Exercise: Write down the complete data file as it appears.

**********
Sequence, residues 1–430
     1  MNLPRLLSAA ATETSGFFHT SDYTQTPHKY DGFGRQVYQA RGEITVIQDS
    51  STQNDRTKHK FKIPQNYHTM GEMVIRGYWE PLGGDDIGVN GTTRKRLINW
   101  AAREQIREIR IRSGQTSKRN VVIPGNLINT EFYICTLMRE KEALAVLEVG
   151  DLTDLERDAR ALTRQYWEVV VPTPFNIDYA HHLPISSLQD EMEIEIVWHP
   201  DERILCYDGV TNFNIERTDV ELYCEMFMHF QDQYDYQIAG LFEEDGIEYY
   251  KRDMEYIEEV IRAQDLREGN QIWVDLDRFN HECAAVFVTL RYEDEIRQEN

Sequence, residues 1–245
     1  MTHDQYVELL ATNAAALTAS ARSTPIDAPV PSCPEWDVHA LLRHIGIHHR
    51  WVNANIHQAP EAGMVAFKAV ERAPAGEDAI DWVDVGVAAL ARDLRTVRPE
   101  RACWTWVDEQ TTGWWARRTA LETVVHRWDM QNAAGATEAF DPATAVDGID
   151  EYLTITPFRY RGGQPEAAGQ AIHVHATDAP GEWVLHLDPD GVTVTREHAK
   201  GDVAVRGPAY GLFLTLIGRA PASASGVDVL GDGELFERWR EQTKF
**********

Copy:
Sequence, residues 1–430
     1  MNLPRLLSAA ATETSGFFHT SDYTQTPHKY DGFGRQVYQA RGEITVIQDS
    51  STQNDRTKHK FKIPQNYHTM GEMVIRGYWE PLGGDDIGVN GTTRKRLINW
   101  AAREQIREIR IRSGQTSKRN VVIPGNLINT EFYICTLMRE KEALAVLEVG
   151  DLTDLERDAR ALTRQYWEVV VPTPFNIDYA HHLPISSLQD EMEIEIVWHP
   201  DERILCYDGV TNFNIERTDV ELYCEMFMHF QDQYDYQIAG LFEEDGIEYY
   251  KRDMEYIEEV IRAQDLREGN QIWVDLDRFN HECAAVFVTL RYEDEIRQEN

Sequence, residues 1–245
     1  MTHDQYVELL ATNAAALTAS ARSTPIDAPV PSCPEWDVHA LLRHIGIHHR
    51  WVNANIHQAP EAGMVAFKAV ERAPAGEDAI DWVDVGVAAL ARDLRTVRPE
   101  RACWTWVDEQ TTGWWARRTA LETVVHRWDM QNAAGATEAF DPATAVDGID
   151  EYLTITPFRY RGGQPEAAGQ AIHVHATDAP GEWVLHLDPD GVTVTREHAK
   201  GDVAVRGPAY GLFLTLIGRA PASASGVDVL GDGELFERWR EQTKF